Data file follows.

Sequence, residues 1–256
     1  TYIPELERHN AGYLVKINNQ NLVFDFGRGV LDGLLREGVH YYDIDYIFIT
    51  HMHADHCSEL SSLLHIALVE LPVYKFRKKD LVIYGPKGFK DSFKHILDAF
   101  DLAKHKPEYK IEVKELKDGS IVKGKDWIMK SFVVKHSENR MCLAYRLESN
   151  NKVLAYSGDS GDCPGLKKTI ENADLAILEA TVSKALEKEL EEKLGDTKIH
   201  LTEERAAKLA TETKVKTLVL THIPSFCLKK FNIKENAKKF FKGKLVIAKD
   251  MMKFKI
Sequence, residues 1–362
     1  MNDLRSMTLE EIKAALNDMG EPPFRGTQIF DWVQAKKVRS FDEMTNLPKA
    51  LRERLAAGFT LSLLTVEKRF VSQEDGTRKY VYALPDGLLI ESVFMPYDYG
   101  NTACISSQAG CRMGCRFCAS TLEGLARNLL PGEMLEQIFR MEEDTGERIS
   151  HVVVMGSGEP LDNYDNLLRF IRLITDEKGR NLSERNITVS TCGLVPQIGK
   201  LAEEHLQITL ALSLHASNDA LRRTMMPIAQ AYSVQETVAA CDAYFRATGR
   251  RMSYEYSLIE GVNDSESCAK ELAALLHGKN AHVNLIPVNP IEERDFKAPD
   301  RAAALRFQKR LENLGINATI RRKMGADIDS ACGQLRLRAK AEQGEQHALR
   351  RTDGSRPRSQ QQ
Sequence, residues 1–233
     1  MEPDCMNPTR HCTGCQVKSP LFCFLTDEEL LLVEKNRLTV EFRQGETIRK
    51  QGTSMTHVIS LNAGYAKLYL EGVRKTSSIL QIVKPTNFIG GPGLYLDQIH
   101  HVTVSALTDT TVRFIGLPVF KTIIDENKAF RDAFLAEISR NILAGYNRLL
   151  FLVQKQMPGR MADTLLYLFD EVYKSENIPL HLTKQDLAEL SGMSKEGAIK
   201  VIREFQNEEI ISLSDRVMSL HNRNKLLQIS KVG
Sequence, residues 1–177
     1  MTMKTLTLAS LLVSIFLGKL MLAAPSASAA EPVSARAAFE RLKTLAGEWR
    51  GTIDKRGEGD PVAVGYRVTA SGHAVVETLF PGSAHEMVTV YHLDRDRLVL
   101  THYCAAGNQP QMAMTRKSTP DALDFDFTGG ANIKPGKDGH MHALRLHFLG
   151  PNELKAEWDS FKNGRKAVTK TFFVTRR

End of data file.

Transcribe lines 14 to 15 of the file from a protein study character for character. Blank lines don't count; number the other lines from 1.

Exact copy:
   251  RMSYEYSLIE GVNDSESCAK ELAALLHGKN AHVNLIPVNP IEERDFKAPD
   301  RAAALRFQKR LENLGINATI RRKMGADIDS ACGQLRLRAK AEQGEQHALR